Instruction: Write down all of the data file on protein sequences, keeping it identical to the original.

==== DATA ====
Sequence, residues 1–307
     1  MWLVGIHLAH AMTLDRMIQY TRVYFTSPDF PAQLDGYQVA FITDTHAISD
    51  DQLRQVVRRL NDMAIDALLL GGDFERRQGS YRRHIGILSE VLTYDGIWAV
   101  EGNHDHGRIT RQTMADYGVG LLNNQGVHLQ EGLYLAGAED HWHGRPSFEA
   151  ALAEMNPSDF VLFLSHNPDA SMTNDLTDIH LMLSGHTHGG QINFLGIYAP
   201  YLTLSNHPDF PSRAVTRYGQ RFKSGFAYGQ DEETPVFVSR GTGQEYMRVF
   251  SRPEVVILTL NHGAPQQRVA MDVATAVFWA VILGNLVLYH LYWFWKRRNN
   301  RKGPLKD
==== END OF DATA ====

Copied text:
Sequence, residues 1–307
     1  MWLVGIHLAH AMTLDRMIQY TRVYFTSPDF PAQLDGYQVA FITDTHAISD
    51  DQLRQVVRRL NDMAIDALLL GGDFERRQGS YRRHIGILSE VLTYDGIWAV
   101  EGNHDHGRIT RQTMADYGVG LLNNQGVHLQ EGLYLAGAED HWHGRPSFEA
   151  ALAEMNPSDF VLFLSHNPDA SMTNDLTDIH LMLSGHTHGG QINFLGIYAP
   201  YLTLSNHPDF PSRAVTRYGQ RFKSGFAYGQ DEETPVFVSR GTGQEYMRVF
   251  SRPEVVILTL NHGAPQQRVA MDVATAVFWA VILGNLVLYH LYWFWKRRNN
   301  RKGPLKD